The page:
“People perceive funds to be like individual stocks,” Blanchett said. “With stocks, you want to hold 20 to 30 different ones. But if you buy three large-cap funds, now your portfolio is tilted to a large-cap asset class. You’ve created a portfolio that may appear diversified but really isn’t.”

At the same time you’re compounding risk, over-diversification can dilute returns, because if you have too many investments, the positive contribution of one won’t be big enough to have an impact. If a fund makes up only 1 or 2 percent of your holdings, for example, even a significant gain in that investment won’t sway the overall portfolio. “You’re increasing the odds of getting less-than-average performance,” Candura said.

In addition, if you have too much of the same asset class, you unintentionally risk “index hugging,” the term for when your holdings mirror a standard index, such as the Standard & Poor's 500. In that case, your return will revert to the mean, or average. But because the portfolio might not be balanced to match the index, it could actually lead to lower returns.

Furthermore, overall performance can be eroded by unforeseen trading costs, tax inefficiencies, or operating expenses. Paying for trades or sales charges in actively managed funds can add up, and high turnover in a taxable portfolio can create an expensive tax bill at the end of the year.

And an over-diversified portfolio can be too unwieldy to monitor, leading to “analysis paralysis.” “There are too many elements to track,” Adamson said. “Investors just get overwhelmed.”

Signs of portfolio bloat–and what to do about it

“There’s no flashing light” to indicate an over-diversified portfolio, Philips says. “It’s up to the individual investor to do a deep dive,” he continued.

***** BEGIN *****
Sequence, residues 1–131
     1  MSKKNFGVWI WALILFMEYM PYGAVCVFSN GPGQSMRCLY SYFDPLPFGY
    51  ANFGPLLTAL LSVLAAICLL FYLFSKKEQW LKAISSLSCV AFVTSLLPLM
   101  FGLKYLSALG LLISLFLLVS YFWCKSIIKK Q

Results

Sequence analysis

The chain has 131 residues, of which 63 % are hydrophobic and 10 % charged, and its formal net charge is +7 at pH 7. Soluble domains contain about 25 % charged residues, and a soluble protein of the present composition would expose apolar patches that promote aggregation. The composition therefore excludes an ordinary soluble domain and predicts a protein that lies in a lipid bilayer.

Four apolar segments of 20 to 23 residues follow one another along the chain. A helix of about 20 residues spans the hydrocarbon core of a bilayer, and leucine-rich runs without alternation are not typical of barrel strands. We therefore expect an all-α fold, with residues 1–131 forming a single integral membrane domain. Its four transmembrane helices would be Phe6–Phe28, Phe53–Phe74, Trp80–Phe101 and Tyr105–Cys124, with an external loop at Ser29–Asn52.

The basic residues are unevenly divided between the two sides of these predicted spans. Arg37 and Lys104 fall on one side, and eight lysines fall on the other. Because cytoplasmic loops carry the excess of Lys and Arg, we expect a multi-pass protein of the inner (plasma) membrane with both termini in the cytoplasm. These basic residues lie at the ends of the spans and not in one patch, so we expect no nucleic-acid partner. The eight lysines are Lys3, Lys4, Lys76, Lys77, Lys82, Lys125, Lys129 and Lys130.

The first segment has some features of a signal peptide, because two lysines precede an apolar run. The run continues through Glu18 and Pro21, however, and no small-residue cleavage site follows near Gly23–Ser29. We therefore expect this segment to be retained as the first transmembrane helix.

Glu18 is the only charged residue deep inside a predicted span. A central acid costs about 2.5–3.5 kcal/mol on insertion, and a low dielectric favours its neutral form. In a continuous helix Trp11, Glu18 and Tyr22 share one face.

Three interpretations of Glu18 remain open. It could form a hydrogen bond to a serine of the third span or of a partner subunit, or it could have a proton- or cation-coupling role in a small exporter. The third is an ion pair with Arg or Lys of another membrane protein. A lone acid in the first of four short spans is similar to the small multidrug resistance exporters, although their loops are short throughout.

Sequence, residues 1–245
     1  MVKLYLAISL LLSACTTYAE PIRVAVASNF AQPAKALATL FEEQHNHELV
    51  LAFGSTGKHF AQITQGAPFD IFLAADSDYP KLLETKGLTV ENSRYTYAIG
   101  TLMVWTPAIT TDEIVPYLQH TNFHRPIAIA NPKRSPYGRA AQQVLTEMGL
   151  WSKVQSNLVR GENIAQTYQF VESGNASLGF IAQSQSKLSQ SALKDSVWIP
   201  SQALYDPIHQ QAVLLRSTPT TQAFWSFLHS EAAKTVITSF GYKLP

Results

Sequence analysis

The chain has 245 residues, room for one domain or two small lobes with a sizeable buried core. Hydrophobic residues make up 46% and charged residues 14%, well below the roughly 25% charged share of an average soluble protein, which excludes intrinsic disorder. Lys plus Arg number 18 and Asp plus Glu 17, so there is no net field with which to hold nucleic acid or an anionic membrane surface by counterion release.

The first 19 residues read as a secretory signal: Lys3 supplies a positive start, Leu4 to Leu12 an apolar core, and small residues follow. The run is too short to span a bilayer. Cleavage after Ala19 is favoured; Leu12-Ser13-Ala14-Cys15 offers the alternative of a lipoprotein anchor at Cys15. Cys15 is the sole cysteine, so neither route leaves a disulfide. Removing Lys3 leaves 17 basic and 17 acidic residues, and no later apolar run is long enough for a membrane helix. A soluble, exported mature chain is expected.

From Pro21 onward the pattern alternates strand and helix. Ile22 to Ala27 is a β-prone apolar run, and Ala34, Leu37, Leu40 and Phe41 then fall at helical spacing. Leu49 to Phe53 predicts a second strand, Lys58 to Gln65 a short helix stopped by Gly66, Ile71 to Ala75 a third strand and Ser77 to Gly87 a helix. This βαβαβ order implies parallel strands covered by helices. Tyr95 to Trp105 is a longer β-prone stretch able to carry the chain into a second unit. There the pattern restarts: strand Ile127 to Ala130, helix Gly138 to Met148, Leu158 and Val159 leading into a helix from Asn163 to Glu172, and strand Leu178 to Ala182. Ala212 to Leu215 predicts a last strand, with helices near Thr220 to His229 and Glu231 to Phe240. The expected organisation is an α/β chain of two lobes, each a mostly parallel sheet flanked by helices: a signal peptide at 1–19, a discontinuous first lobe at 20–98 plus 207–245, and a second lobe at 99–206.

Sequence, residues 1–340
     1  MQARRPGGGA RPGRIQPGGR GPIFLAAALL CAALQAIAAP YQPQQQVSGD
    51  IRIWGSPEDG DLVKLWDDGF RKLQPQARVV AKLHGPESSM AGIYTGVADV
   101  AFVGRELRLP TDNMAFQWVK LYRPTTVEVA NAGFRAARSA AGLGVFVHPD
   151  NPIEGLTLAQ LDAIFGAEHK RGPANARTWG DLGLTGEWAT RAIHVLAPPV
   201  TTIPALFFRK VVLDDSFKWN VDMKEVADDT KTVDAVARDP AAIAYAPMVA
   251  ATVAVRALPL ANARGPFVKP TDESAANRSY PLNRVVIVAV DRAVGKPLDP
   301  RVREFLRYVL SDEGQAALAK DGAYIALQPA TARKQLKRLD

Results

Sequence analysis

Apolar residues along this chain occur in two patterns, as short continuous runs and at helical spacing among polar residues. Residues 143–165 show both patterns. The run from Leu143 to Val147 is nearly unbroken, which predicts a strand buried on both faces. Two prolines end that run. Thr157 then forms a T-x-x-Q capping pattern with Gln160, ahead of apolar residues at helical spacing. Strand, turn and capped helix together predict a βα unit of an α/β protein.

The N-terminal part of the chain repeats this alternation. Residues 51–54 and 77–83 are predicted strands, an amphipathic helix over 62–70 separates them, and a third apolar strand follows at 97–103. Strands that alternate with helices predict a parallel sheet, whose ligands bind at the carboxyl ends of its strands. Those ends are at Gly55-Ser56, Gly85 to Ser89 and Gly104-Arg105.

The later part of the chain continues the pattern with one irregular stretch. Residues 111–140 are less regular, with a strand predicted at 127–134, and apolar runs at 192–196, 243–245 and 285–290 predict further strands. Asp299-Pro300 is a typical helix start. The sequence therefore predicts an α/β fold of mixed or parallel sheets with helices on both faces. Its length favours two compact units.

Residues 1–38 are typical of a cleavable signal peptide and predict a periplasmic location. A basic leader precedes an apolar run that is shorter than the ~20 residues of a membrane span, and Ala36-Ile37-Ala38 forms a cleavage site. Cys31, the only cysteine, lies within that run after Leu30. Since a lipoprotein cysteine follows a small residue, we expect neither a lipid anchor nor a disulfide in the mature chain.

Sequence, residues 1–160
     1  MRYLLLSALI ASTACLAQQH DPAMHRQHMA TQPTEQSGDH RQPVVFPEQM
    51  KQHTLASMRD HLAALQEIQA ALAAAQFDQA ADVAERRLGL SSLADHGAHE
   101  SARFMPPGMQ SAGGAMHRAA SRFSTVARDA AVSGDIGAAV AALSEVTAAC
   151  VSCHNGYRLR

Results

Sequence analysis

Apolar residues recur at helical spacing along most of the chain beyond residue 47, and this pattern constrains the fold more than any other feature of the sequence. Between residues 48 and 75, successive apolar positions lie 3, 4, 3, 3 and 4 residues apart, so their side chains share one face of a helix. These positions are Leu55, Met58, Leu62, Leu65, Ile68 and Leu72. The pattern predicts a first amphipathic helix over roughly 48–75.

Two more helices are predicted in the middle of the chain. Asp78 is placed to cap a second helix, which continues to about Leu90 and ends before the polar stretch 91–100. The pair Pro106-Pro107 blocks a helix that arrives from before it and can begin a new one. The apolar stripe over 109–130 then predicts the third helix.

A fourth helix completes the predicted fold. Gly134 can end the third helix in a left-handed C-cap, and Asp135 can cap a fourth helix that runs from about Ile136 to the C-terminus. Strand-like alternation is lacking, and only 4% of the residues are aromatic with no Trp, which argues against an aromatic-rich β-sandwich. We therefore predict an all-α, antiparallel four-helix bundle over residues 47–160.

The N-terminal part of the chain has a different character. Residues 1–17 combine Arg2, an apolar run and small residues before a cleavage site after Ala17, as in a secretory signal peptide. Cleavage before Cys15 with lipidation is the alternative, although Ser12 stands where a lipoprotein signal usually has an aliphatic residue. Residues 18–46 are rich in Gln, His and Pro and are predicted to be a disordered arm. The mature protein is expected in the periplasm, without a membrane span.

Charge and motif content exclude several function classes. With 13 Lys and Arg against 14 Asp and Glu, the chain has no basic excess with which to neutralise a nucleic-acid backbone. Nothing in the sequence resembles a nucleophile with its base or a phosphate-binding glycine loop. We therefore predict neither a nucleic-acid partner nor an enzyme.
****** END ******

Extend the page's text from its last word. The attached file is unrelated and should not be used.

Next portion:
How can you tell if you’ve got too much of a good thing? Morningstar has a free tool that instantly analyzes your portfolio and highlights sensitive sectors that show overweighting.

To see where funds overlap, go online to look up each fund’s description of its investment strategy. Is it focused on U.S. large-cap growth stocks or foreign developed markets? If the description of one fund’s strategy sounds similar to that of another, alarm bells should starting ringing. You can dig deeper by checking each fund’s top 10 holdings for duplication. “If you see Apple or Google in too many top 10 holdings,” Philips said, “you might question whether you bought the same thing five or 10 times.”

When there’s overlap, many experts advise choosing an index fund. “I don’t know of a stock index that doesn’t consist of hundreds, if not thousands, of stocks,” Yeske said. “That’s one way of being assured of broad diversification within the asset class.” And the operating expenses of an index fund are extremely low. Yeske says that the average charge of all the equity funds in the Morningstar database is about 1.3 percent, about 20 times more expensive than an index tracker. “You just can’t do better than index funds,” he said. 

Other financial mistakes to avoid

Editor's Note:

This article also appeared in the June issue of Consumer Reports Money Adviser.